Monday, October 31, 2011

Watching Others Succeed

It goes without saying, but sometimes it seems like the most rewarding activities are enjoying the success of others after seeing them work so hard for something.  Marathon training is one of those things, although training for anything takes hard work and dedication.  Most endurance sports are individual sports in that you alone are responsible for the success on race day.  While this is true, since I can't run a race for you (we might call that cheating), there are many more aspects to a successful day that one's ability to making it across the finish line.  Certainly, in a group training program like the Distance Training Program, the success lies in the effectiveness of group dynamics and the impact of getting a large group of people to run every week, week in and week out for the duration of the program.  So while running is an individual sport, many people certainly play a part in each person's success on race day.  And to be able to watch an individual go from A to Z over the course of a training program and to be able to see them realize their goals - there isn't a much better reward than I can think of than that!

I love the feeling of having a great race and the glow of success you feel afterwords.  That is what we all strive for.  But having gone through another season of coaching and connecting with the runners, I can't think of a much better feeling than I have right now.  This weekend was the Marine Corps Marathon (surely, you knew that) and the majority of our runners were training for it.  After being there the morning of the race and seeing how excited they were to run, it gives me great satisfaction to see that excitement pay off.  Lots of PRs were set, some of which included 20+ minutes in time improvements, while others simply reached their goal of finishing their first marathon (hopefully the first of many more to come).  In every case though, it brings a sense of fulfillment in simply being able to play a role in their enjoyment.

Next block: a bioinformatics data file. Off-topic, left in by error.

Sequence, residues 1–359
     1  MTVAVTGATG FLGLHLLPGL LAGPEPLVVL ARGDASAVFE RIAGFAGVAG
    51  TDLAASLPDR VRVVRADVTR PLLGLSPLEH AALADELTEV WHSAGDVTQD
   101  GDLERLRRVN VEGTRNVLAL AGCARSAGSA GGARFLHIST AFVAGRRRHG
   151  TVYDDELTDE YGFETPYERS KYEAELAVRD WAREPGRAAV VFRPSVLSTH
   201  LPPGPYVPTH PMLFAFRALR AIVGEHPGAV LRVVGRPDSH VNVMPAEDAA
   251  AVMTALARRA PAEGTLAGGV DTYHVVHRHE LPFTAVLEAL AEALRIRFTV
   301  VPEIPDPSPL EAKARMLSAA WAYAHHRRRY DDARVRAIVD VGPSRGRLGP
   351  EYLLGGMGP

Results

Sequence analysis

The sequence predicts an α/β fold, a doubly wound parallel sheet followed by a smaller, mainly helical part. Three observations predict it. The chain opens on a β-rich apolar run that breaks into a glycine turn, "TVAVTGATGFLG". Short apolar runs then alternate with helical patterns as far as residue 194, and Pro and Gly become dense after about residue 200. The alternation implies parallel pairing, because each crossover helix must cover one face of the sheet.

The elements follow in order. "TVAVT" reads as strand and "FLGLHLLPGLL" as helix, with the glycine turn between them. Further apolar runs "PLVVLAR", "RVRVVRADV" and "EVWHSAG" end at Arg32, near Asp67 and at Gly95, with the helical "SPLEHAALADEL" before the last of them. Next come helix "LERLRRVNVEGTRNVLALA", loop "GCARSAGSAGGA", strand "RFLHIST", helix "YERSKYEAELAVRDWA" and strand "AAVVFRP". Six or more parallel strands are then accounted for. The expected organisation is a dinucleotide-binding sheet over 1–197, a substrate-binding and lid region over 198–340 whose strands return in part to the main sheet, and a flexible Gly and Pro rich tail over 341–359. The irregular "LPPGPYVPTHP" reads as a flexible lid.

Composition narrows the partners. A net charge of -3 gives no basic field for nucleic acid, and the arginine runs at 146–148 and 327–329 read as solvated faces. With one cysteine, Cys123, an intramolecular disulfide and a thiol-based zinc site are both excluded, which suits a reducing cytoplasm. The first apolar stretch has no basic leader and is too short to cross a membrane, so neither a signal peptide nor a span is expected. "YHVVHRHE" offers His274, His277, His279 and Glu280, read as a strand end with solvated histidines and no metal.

So even though the program is over and today is Monday, which means going back to my "normal" work routine, it is a pretty good day if I may say so myself.  And hey, the next training program starts up again in about a month....hopefully, this feeling carries over till then!

Thursday, October 27, 2011

See You At The Expo

Running Marine Corps Marathon this weekend?  If so, I'll be at the expo like in year's past working for Clif.  See you there...Oorah!

Monday, October 24, 2011

Why It Took So Long To Sign Up For My First Race Back

Given that I have been back running now for more than 3 months, you would have thought I would have wanted to sign up for a race at the first chance I had in order to see where I am fitness-wise.  Well, I may be different than a lot of folks are when it comes to racing and I firmly believe that I won't enter a race unless I am prepared to RACE it.  Now obviously, there are some exceptions to the rule, like helping to pace someone or getting a comp'd entry or some really sweet swag.  But as a whole, I have a pretty firm self policy on not signing up for races for the sake of signing up for races.

More specifically, my policy is this: It is a waste of money.  Many may disagree.  However, I have plenty of race shirts, so I certainly don't need more of those.  If I need to run "x" miles hard, I'll just go out and do it.  I don't need the excitement of race to be able to simulate that.  Although, that race day excitement when I do race just gives me free speed when I do in fact race.  Otherwise, the body begins to lose that magic race day sensation and races become just another day at the office...ho hum.  Either way though, I see no point in spending my money when I can't find a specific reason for it.  So that's my policy and I'm sticking to it.